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Split-Sample Strategies for Avoiding False Discoveries

Seminar: Neyman Seminar | October 11 | 4-5 p.m. | 1011 Evans Hall


Michael Anderson, University of California, Berkeley

Department of Statistics


Preanalysis plans (PAPs) have become an important tool for limiting false discoveries in field experiments. We evaluate the properties of an alternate approach which splits the data into two samples: An exploratory sample and a confirmation sample. When hypotheses are homogeneous, we describe an improved split-sample approach that achieves 90% of the rejections of the optimal PAP without requiring preregistration or constraints on specification search in the exploratory sample. When hypotheses are heterogeneous in priors or intrinsic interest, we find that a hybrid approach which prespecifies hypotheses with high weights and priors and uses a split-sample approach to test additional hypotheses can have power gains over any pure PAP. We assess this approach using the community-driven development (CDD) application from Casey et al (2012) and find that the use of a hybrid split-sample approach would have generated qualitatively different conclusions.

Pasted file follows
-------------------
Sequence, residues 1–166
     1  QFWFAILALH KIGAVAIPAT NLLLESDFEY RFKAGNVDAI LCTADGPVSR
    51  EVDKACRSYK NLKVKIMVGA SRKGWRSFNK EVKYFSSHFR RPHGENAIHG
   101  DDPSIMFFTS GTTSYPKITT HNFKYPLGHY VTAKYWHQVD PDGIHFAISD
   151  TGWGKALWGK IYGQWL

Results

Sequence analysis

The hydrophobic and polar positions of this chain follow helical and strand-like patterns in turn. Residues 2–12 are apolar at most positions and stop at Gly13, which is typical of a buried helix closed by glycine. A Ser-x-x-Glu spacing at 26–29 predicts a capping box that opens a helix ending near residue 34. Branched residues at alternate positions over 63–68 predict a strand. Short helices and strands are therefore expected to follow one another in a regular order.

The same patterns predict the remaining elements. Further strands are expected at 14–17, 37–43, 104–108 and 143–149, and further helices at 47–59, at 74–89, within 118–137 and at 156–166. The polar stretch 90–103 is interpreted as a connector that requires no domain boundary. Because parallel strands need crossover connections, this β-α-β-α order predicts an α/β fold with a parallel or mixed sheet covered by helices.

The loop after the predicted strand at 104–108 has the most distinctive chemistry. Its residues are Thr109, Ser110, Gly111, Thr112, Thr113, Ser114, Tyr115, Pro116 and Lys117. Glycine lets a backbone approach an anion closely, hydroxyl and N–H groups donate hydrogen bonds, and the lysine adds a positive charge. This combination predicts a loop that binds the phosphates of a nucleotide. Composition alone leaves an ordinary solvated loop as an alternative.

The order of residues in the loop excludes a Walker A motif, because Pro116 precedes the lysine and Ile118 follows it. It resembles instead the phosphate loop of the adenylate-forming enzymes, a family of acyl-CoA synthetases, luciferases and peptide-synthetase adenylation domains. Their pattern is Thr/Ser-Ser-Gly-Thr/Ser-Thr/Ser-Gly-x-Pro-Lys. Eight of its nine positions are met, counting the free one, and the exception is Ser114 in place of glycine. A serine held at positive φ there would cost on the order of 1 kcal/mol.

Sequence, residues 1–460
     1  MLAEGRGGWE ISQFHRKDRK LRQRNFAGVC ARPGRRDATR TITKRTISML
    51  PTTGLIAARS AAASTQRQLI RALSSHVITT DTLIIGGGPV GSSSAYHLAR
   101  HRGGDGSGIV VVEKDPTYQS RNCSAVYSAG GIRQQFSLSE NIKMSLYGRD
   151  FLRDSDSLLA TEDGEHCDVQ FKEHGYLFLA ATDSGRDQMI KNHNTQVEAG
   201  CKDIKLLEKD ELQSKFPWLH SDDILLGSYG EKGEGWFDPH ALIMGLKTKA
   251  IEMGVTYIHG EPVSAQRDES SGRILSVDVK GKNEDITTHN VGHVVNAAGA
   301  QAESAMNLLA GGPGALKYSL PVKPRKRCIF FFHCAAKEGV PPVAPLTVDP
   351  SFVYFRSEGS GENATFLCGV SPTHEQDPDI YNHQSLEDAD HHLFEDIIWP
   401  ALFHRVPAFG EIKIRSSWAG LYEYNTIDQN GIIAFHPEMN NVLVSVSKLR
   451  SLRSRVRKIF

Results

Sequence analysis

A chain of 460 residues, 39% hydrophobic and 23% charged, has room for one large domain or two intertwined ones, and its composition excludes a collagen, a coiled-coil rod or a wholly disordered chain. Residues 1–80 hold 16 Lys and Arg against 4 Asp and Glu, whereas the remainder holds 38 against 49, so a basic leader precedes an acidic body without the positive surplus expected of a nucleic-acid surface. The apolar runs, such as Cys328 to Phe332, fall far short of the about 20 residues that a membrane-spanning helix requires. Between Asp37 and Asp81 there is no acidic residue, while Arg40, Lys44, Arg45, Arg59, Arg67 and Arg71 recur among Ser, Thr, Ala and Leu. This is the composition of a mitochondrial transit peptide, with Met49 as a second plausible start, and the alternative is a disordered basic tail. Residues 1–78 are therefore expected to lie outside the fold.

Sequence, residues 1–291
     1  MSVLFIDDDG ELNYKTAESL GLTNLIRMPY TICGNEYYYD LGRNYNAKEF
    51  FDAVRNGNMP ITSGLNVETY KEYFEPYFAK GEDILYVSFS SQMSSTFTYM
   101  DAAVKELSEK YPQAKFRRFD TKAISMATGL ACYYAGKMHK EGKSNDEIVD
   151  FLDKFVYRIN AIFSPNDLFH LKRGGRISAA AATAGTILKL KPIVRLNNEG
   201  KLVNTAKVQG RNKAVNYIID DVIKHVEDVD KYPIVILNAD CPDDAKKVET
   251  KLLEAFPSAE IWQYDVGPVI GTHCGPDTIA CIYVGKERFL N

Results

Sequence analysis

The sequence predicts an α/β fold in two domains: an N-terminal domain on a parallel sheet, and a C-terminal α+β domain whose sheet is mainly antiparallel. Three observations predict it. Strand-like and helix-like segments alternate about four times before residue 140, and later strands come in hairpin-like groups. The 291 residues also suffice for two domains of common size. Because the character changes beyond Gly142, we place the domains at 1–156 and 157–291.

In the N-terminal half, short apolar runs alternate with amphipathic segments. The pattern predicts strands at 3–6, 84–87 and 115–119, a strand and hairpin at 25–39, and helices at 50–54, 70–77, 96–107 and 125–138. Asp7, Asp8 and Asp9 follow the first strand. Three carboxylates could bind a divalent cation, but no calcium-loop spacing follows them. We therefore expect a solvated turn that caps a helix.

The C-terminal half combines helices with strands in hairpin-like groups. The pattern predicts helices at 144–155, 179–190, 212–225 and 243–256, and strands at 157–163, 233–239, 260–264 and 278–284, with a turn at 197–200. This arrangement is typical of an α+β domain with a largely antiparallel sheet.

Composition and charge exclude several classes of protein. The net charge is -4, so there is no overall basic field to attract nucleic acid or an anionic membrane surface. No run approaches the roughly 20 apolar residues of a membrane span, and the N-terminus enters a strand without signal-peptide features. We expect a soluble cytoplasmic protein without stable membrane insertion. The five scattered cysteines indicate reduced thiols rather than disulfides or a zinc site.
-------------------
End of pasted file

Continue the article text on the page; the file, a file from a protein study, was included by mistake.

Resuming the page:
(510) 642-2781